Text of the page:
Half of the world’s population is infected by the ‘cat parasite’ Toxoplasma gondii, and in certain areas, the infection rate is an astonishing 95%. Unless you go for a series of tests, there is absolutely no way of knowing whether you’re infected or not. This parasite has been associated with a number of mental disorders, such as bipolar disorder and schizophrenia. It has also been blamed for an increase in severe depression and subsequent suicide.
Yup, that’s right, Toxoplasma is everywhere, and while the jury is still out on how detrimental this parasite is to our health, scientists have finally found out why it’s so good at dodging our immune’s system.
For the uninitiated, Toxoplasma is a cat-borne parasite that causes Toxoplasmosis – a disease which is asymptomatic in healthy people, but can lead to a whole range of other disorders in those with compromised immune systems, such as the elderly and pregnant women.
The Czech evolutionary biologist, Jaroslav Flegr, is the man at the forefront of this research into Toxoplasma. He once stated that this parasite “might even kill as many people as malaria, or at least a million people a year,” due to its apparent ability to change our responses to harmful situations.
Past research has concluded that when mice are infected by this parasite, they lose their instinctive fear of cat urine, and display signs of an impaired memory. It has been hypothesized that Toxoplasma messes with a rodent’s brain so that it can complete its lifecycle (see below), and for many years now, scientists have been investigating if something similar occurs in humans.
Parasite researcher, Chris Tonkin, from the Walter and Eliza Hall Institute in Australia, declares that “there is a fascinating association between Toxoplasma infection and psychiatric diseases including schizophrenia and bipolar disorder.” While there definitely appears to be something weird going on with people infected by this parasite, the scientific evidence, so far, is frustratingly inconclusive. However, there is one thing we certainly do know about Toxoplasma and that is that it has the ability to manipulate our immune systems.
The fact that in specific areas of the world, almost the whole local population is infected goes to show just how successful this parasite is – and its success lies in its ability to strike an incredible balance with our body’s immune system. This parasite has impressively managed to keep our body’s immune response to it low enough that it can survive inside us, but high enough so that those who are infected can live a healthy life acting as one big parasite incubator.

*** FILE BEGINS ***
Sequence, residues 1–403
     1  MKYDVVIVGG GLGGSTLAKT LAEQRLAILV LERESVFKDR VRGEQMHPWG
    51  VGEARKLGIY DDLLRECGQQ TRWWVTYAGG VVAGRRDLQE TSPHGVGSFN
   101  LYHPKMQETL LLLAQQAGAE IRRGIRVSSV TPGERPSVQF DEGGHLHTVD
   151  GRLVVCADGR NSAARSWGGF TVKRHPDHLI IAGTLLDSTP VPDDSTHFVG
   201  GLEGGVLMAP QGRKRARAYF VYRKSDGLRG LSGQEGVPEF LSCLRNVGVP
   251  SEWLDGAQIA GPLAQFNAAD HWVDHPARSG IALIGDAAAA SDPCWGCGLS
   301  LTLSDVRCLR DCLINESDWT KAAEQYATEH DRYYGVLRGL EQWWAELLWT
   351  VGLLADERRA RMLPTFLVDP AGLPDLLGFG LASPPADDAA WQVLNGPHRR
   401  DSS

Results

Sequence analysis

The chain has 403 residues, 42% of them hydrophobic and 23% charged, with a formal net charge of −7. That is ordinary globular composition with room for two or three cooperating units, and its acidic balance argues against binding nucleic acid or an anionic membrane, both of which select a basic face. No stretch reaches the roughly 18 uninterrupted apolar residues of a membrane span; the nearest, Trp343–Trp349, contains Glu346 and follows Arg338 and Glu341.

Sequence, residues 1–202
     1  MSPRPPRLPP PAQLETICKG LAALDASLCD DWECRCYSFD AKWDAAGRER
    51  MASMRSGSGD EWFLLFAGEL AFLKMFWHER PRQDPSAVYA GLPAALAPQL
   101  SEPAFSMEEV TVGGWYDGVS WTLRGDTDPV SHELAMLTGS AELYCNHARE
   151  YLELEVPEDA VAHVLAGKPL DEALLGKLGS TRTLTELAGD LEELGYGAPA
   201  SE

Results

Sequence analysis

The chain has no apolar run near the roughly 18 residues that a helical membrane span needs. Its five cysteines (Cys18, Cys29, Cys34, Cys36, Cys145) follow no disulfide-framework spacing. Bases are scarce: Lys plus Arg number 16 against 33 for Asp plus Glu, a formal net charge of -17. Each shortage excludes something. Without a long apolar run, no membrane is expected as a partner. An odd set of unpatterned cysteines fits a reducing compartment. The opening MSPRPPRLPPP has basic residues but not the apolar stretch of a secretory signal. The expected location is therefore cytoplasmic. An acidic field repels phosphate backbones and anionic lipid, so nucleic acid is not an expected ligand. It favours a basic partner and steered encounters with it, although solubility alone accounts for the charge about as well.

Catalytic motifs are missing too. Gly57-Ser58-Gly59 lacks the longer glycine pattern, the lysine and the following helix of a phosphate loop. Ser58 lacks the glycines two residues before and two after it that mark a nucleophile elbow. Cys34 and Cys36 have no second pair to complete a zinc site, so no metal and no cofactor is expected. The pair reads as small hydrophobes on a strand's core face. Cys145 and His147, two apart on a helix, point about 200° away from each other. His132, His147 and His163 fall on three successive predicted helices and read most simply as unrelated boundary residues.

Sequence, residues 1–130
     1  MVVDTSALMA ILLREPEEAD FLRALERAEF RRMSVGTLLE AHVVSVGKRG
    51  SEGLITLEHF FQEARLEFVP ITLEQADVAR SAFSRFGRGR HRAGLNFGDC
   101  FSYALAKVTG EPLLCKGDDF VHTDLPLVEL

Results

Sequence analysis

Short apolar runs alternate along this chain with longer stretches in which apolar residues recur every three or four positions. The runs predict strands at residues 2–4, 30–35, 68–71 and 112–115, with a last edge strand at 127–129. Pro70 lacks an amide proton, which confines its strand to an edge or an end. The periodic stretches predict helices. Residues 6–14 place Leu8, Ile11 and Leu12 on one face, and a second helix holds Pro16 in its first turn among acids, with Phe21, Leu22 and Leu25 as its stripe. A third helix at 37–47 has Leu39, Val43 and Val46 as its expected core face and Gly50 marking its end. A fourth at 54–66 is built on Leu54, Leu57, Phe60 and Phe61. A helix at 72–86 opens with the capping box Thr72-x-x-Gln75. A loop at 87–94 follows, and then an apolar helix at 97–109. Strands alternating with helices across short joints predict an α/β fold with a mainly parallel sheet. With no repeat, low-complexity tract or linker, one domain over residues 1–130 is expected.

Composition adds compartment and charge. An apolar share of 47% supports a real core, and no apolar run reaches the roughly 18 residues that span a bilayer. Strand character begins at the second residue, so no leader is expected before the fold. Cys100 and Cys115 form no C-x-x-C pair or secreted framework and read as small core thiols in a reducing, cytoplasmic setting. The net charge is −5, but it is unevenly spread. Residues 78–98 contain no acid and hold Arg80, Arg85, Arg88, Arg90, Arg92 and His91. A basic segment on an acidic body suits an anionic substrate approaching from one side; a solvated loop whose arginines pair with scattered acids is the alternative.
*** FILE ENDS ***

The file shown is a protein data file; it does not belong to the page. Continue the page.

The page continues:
And finally, scientists have figured out how it does it.
Matthew Bowler, from the European Molecular Biology Laboratory, declares that “the parasite rewires the host’s inflammatory response – it completely subverts the chain reaction that would normally trigger our body’s defenses.”
In normal situations, when your cells detect the presence of a parasite, a number of molecular signals will activate the protein p38a, prompting it to move into the cells’ nuclei. Once here, it triggers the genes that activate an inflammatory response to destroy the pathogen. Interestingly, rather than just simply blocking these signals, this parasite does the complete opposite. Bowler, and his team of researchers, found that Toxoplasma actually kick starts the human inflammatory response, and then manipulates it according to its own needs.
This research by Bowler was based on a previous study by Mohamed-Ali Hakimi from the Institute of Advanced Bioscience in France, who found out that Toxoplasma secretes a protein known as GRA24 that triggers the protein p338a directly, before the body’s immune system has a chance to do so itself.
The team has now found out that GRA24 binds more strongly to p33a than the cell’s own proteins do, which allows the parasite to control the level of immune response that is dished up by the body. At the same time, this GRA24 protein prevents the body from turning off the inflammatory response, which is why this parasite is so dangerous in those who have weakened immune systems. The team concludes that “the tight control of the inflammatory signaling prevents either too weak a response leading to host death, or too strong a response preventing invasion.”
While it is a bit concerning that this parasite can manipulate our whole immune system, this research could help scientists to develop more effective anti-inflammatory drugs.